How Higher Education Contributes to Economic Development

By Manuela Theissen

When a young adult pursues higher education – also known as tertiary, post-secondary or third-
level education — the reason or reasons are usually personal. Some students pursue this level of
education simply because having a degree under their respective names helps bring respect and
good image. Likewise, some student pursue higher education because they are aware that by
having at least a college degree, their path to the future is clearer – better jobs, higher pay and
improved lifestyle. In short, students pursue tertiary education because it contributes to their
personal development.

On the other hand, does higher education contribute to economic development? How does it
make contribution to economic development?

Take the case of South Korea. With almost no natural resources to exploit, South Korea was able
to become a developed country with a high-income economy. It is ranked 15th in the world in
terms of nominal GDP. It is now the fifth largest economy in Asia. In the past half a century,
South Korea was an input-driven economy, but now, it is a knowledge-based economy.
Much of the economic growth in South Korea has been driven by knowledge. The country is
among the top OECD countries investing a large percentage of their GDP knowledge, which
includes field of higher education, software, and research and development. As early as 1950s,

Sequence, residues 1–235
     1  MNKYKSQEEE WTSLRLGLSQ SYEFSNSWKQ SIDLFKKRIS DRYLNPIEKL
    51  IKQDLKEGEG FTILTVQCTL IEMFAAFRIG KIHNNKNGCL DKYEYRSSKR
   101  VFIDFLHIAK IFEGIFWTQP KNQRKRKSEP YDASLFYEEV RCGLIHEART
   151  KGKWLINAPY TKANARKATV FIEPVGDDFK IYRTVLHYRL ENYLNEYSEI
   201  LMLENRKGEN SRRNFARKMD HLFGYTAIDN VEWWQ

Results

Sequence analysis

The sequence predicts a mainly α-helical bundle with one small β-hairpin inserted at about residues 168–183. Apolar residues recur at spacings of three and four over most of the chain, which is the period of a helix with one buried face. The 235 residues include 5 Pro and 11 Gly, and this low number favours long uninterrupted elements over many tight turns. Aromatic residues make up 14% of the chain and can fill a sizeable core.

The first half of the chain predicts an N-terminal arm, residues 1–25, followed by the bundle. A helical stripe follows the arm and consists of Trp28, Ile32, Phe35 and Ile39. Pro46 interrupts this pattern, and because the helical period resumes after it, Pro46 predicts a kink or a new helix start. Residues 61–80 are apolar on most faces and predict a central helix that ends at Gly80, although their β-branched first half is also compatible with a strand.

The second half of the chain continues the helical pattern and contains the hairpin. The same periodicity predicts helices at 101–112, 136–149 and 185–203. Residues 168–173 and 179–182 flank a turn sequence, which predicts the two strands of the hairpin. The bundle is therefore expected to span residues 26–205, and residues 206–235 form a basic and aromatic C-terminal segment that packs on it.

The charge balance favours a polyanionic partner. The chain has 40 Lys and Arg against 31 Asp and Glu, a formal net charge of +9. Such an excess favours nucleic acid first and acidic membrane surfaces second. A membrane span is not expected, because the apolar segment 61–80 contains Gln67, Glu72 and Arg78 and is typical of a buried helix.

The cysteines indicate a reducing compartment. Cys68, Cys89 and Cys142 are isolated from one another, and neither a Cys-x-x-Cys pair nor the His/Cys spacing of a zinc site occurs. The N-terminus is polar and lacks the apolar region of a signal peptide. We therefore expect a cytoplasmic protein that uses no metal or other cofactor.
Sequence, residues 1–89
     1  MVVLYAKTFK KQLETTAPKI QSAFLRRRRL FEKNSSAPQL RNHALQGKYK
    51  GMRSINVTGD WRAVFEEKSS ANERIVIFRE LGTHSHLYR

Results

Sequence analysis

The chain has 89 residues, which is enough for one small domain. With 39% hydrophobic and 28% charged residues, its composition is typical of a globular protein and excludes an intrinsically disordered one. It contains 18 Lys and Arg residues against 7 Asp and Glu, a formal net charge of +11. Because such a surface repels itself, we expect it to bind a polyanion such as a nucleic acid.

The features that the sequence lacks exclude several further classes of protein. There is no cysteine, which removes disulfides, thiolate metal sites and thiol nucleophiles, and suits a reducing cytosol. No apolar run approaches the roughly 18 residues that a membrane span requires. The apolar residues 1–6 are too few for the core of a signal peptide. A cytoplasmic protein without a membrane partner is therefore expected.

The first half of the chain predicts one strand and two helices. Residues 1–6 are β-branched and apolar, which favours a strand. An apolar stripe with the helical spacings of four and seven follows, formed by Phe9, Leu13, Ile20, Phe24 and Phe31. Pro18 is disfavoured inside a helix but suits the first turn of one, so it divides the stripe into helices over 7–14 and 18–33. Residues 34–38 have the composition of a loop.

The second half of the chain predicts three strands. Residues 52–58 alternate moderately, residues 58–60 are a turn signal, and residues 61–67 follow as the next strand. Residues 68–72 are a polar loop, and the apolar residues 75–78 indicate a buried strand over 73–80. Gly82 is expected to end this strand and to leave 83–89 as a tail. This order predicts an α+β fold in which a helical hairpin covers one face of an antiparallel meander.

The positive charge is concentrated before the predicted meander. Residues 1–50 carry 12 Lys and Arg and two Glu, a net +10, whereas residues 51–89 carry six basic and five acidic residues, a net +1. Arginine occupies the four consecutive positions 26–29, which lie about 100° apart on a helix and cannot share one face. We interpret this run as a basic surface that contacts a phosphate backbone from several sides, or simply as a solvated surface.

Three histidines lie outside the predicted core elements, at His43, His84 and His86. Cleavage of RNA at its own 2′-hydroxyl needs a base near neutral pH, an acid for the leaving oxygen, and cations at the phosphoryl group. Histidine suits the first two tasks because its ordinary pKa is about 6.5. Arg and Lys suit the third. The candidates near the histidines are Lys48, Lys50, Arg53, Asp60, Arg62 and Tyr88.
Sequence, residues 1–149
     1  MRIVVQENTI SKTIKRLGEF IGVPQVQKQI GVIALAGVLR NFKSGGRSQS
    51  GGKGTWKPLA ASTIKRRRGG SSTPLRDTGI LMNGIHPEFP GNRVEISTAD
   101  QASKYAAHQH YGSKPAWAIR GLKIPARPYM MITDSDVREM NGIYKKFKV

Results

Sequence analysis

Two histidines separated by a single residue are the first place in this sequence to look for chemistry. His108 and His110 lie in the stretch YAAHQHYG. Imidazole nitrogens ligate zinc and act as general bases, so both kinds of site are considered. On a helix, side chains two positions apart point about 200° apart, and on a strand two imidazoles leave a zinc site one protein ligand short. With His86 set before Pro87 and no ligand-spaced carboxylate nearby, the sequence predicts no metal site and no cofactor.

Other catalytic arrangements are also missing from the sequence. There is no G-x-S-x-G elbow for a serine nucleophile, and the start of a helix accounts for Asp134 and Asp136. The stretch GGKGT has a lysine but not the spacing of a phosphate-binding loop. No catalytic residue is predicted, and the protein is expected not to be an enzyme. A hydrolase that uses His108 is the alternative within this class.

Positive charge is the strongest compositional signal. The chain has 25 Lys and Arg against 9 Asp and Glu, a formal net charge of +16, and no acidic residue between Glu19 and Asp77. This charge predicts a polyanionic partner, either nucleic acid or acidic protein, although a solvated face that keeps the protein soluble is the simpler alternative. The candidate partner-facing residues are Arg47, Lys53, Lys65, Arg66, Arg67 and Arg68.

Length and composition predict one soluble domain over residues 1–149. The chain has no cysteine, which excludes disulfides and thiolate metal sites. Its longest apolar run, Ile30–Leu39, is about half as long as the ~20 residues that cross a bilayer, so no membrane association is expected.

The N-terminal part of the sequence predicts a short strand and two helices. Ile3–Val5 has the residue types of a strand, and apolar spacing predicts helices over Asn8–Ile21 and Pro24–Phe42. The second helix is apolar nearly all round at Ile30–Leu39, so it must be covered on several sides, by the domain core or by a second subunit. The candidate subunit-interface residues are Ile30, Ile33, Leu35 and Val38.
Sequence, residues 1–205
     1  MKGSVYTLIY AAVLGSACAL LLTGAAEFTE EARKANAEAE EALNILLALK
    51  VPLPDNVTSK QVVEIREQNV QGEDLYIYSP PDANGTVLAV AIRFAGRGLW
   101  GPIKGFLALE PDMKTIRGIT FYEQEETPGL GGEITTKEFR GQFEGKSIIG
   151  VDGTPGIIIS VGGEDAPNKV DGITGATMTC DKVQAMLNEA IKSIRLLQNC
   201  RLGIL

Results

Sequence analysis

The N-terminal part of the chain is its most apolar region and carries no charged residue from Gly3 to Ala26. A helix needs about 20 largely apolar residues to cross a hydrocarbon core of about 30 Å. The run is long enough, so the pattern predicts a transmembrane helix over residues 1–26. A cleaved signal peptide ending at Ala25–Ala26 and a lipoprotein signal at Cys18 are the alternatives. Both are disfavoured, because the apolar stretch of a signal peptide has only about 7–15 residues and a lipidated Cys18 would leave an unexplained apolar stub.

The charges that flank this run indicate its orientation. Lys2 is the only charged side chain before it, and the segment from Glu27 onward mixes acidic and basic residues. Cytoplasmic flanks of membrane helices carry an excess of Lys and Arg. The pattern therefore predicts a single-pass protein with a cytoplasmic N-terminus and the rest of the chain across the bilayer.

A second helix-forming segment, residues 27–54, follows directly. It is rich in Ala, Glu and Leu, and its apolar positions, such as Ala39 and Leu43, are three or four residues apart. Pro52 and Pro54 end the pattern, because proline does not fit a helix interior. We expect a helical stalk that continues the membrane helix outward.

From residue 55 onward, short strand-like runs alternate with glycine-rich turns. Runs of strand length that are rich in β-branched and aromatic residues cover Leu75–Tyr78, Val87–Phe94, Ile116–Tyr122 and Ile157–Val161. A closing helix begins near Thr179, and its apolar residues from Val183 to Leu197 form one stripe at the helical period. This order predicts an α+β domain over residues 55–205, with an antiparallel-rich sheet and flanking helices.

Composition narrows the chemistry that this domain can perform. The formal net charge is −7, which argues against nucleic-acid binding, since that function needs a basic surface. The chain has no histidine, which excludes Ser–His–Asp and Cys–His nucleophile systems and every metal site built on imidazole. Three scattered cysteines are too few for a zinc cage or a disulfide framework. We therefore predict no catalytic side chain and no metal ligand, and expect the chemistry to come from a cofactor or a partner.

public third-level schooling started to rise, followed by beginnings of private higher education in
the next decade. In the next two decades, South Korea promoted science and engineering
programs. In the 1990s, the country’s focus was quality assurance, research and development,
and performance-based funding.

As tertiary schooling in South Korea advances, the country’s economic development also
accelerates. The Asian country has overall supported post-secondary schooling as a means to
accelerate economic development.

When more students pursue higher education, economic growth could be seen through personal
and public channels. Those who have pursued this level of schooling typically have job
prospects, higher income, and a wider ability to save and invest – leading to better health and
improved quality of life.

These personal gains, however, may not be too personal at all. When citizens of a country gain,
the society also gains. Higher incomes also mean higher tax revenues. Higher incomes also mean
greater consumption and greater demand for different products and services inclusive in an
economy. With growing demand, businessmen will have greater incentives to invest to produce
and introduce their products and/or service. This will lead to creation of more jobs and a rise in
infrastructure projects in a country. The influx of investments into an economy also bodes well
for the government as it means higher income from taxes and other regulatory fees.

Higher education graduates, armed with knowledge, skills and higher income, could help
encourage entrepreneurships. Small and medium businesses are also a vital part of the economy
as they do not only mean higher revenue from taxes but also more jobs for the less-educated

Economies could also benefit less directly from higher education. For instance, higher education
produces well-trained teachers, which in turn could improve the quality of compulsory education
in the country and provide those non-college graduates to advance economically. When
universities and colleges produce a crop of quality graduates, they are also helping build and
secure future for younger generations.

Directly or indirectly, higher education does contribute a lot to economic development. As a
country places emphasis on encouraging its younger generations to pursue this level of formal
learning as well as on investing heavily on it, it is planting seeds for economic development.